For the same reasons, it’s hard to accept that senior figures within the Labour party machinery had no inkling of concern about this man’s behaviour. The complainants say they flagged it with a number of senior figures going back as far as 2017 (one woman counted that she had raised concerns on eight separate occasions).

The branch that he was involved with is one of the party’s more influential, and its members certainly hold more access and sway with MPs and officials than others.

Was the party really blind to these allegations?

And then there is the shambolic internal investigation. Haworth has carried the can, but the decisions were not his alone.

The party’s ruling council decided the process. Why did they believe an internal inquiry, with no expert guidance, was appropriate?

Did the investigation panel ignore the more serious allegations of sexual assault, or not take them seriously?

Who decided the Labour staffer could bring his lawyer, when the complainants were denied legal representation?

And why were the complainants denied the right to see the final report? They have never had an explanation as to why their stories weren’t believed.

Ardern said on Wednesday: “It is my job to make that right.”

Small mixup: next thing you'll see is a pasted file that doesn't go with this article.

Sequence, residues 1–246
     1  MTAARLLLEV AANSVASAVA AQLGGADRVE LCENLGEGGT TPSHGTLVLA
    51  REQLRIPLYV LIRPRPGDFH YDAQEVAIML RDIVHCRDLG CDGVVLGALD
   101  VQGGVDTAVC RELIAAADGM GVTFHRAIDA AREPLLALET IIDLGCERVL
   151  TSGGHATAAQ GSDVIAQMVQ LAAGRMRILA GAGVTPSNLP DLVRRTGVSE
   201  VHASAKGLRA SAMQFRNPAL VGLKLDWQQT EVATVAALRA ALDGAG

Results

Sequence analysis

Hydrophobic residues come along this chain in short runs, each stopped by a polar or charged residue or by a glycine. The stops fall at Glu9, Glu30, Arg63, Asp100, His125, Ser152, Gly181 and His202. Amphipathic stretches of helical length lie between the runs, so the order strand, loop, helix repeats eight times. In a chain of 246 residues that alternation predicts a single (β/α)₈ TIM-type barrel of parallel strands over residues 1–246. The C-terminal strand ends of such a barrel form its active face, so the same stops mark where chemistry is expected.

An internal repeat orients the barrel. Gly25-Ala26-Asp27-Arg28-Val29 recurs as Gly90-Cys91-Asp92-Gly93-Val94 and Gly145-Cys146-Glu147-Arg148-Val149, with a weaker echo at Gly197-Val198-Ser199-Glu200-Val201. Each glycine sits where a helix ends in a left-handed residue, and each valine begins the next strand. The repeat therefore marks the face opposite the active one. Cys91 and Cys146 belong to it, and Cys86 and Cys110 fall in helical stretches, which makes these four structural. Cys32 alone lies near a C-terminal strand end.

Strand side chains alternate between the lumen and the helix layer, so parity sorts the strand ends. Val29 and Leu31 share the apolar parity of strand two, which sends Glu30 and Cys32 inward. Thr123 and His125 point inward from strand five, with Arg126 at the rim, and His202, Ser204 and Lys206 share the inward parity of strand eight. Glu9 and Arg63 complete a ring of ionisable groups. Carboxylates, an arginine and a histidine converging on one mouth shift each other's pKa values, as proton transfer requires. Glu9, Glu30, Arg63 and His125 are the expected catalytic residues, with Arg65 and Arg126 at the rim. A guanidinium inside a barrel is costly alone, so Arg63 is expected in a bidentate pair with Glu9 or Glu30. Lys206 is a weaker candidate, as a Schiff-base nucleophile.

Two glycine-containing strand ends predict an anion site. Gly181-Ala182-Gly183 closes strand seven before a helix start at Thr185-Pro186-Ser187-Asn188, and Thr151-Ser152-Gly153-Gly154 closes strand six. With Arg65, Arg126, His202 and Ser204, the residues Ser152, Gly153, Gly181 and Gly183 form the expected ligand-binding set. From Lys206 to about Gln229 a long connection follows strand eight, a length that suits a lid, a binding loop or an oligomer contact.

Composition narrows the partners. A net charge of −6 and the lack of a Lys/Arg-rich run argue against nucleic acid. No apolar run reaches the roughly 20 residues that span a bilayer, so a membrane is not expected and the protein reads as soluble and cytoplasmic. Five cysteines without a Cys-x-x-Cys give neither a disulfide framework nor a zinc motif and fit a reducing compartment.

She and the party can start by being absolutely transparent with the public about these shocking events. Otherwise, abuse continues to thrive in silence.

Ardern has a big and urgent job to be seen to make this right. And I don’t think Robertson can keep hiding his involvement behind the next inquiry.

The Nation – Jacinda Ardern on brave leadership

On Newshub Nation this morning: Prime Minister talks about brave leadership as she sits down with in one of her final interviews before her maternity leave

This interview focussed mainly on criminal justice and the 3 strikes strike out this week.

Prime Minister

“Ultimately, we’re all united in the fact that we don’t want to see more victims, and the best way to prevent people becoming victims is to reduce the number of offenders we have in the first place.”

On our prisons being a ‘moral and fiscal failure – “What we’ve been bold enough to say is, ‘What does right look like for New Zealand?’ Because we are not the US, and yet our numbers look pretty close to the United States’.”

On the possibility of being a one term Govt -“We need to bring people with us. That’s the whole point. If you end up being a one-term government as a consequence of changes you’ve made, you probably haven’t brought people on that journey”.

On prison reform – “When we have a static crime rate but an ever increasing prison population, is that the kind of country we want to be?”